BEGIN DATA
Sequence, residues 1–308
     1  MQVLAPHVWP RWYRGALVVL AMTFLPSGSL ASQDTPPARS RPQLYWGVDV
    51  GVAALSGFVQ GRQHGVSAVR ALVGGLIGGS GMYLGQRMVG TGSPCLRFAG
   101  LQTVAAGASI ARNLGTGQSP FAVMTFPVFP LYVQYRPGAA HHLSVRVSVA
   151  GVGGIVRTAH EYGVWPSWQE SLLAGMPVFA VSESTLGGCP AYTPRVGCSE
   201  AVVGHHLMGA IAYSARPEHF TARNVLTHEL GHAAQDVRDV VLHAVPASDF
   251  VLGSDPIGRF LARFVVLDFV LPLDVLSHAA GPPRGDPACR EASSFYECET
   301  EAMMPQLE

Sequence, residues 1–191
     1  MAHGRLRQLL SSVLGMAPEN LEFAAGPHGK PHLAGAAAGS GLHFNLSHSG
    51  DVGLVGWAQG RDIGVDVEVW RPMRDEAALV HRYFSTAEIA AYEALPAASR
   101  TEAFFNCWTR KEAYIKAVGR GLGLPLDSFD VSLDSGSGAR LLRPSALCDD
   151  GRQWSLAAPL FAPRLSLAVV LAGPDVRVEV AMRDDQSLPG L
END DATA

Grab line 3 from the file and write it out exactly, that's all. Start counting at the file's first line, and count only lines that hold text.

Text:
    51  GVAALSGFVQ GRQHGVSAVR ALVGGLIGGS GMYLGQRMVG TGSPCLRFAG